In any event, description is not easy do quickly, and I know at least one producer who has had a hard time getting a short-turnaround job done by AudioVision Canada. These are, you’ll recall, exactly the same people who now claim they’ll be able to pull down U.S. shows off satellite, write and mix descriptions, and re-air the shows, all in record time.
An unintended – and insurmountable – deficiency in a segregated TV channel is the case of multiple described programs airing at once. The proposed channel has only one feed; how can it simulcast two described shows at once? It can’t, meaning that the actual amount of described programming available at that moment is less than the status quo, assuming no technical obstacles. Nor would tape-delaying the second program necessarily work; that isn’t equal access in the first place (sighted people didn’t have to wait to watch the show), and a later broadcast time might conflict with a scheduled show or a third program aired at that later time.
With exactly one feed of open-described programming ostensibly running 24 hours a day, that is the maximum coverage of described programming that could ever be offered – 24 program hours in a day. It won’t be very long before well more than a dozen stations in Canada have description requirements of (a paltry) two hours a week or more. A 24-hour day sounds like a lot, but in fact it isn’t, even when compared to the illegally inadequate amount of description required by the CRTC. It pales in comparison to a fully-accessible broadcast system.
According to its own figures, blind viewers watch about 15 hours a week, or just over two hours a day. Most viewers would watch described TV in prime time. In essence, the existing system of multiple stations airing a range of described shows mostly in prime time results in more hours available to the viewer than the proposed channel, which has an absolute cap in practice.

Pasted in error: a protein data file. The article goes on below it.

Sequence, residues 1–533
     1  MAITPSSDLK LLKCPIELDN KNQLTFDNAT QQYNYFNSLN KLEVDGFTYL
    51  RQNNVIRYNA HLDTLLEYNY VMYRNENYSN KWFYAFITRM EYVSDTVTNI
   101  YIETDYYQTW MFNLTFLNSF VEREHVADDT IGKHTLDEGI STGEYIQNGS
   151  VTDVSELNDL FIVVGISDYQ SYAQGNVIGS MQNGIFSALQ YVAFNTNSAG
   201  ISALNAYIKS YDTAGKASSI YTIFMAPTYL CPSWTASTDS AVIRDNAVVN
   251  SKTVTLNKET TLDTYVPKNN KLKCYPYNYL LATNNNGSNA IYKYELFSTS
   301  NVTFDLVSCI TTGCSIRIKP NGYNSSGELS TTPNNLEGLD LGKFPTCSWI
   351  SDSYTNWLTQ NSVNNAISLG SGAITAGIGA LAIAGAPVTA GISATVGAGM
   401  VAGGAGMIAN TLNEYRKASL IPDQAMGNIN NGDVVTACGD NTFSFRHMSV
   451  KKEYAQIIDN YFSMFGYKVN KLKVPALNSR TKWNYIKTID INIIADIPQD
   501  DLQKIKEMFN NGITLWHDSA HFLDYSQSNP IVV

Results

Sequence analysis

NBRS has shown no hesitation in deciding exactly what information blind people will have access to. That is the fundamental principle behind its monopoly radio reading service: They choose what articles to read and you don’t. It’s actually one of the hallmarks of the centralized-charity model, built as it is on dependence and domination. And it’s apparently a tough habit for NBRS to break, since its proposed channel removes freedom of choice from blind viewers and forces viewers tuned into the channel to watch whatever NBRS has decided to air. Even the existing illegally unequal system of a few described shows on several channels offers more freedom than NBRS’s proposal.
NBRS admits that only anglophone markets would carry the channel (and ding subscribers for the privilege). Not only does this mean that English-speaking subscribers in Quebec might be shut out (yet another inequality built into the proposal), it leaves open the ominous possibility of an application from la Magnétothèque to run its own French-language service.
NBRS’s proposed few hours a month of French-language programming are a drop in the bucket and an obvious sop to the francophone-dominated CRTC. That proposition can’t be taken seriously. Nor has NBRS provided evidence that it employes native-French-speaking writers and narrators. Nor are any sources of predescribed French programming given.